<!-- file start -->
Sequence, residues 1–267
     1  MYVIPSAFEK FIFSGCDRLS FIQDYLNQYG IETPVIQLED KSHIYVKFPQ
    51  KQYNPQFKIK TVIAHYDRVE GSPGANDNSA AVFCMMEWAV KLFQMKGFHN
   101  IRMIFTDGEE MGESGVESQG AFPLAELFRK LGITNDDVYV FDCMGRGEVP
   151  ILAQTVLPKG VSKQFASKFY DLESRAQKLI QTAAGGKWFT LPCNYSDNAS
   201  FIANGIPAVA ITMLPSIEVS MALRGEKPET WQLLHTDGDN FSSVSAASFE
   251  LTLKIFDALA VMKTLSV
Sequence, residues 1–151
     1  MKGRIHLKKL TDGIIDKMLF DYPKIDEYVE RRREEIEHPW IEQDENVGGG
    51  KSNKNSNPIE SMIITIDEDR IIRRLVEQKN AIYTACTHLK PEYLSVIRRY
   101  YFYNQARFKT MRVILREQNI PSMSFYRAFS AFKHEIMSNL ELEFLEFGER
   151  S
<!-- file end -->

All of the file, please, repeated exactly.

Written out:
Sequence, residues 1–267
     1  MYVIPSAFEK FIFSGCDRLS FIQDYLNQYG IETPVIQLED KSHIYVKFPQ
    51  KQYNPQFKIK TVIAHYDRVE GSPGANDNSA AVFCMMEWAV KLFQMKGFHN
   101  IRMIFTDGEE MGESGVESQG AFPLAELFRK LGITNDDVYV FDCMGRGEVP
   151  ILAQTVLPKG VSKQFASKFY DLESRAQKLI QTAAGGKWFT LPCNYSDNAS
   201  FIANGIPAVA ITMLPSIEVS MALRGEKPET WQLLHTDGDN FSSVSAASFE
   251  LTLKIFDALA VMKTLSV
Sequence, residues 1–151
     1  MKGRIHLKKL TDGIIDKMLF DYPKIDEYVE RRREEIEHPW IEQDENVGGG
    51  KSNKNSNPIE SMIITIDEDR IIRRLVEQKN AIYTACTHLK PEYLSVIRRY
   101  YFYNQARFKT MRVILREQNI PSMSFYRAFS AFKHEIMSNL ELEFLEFGER
   151  S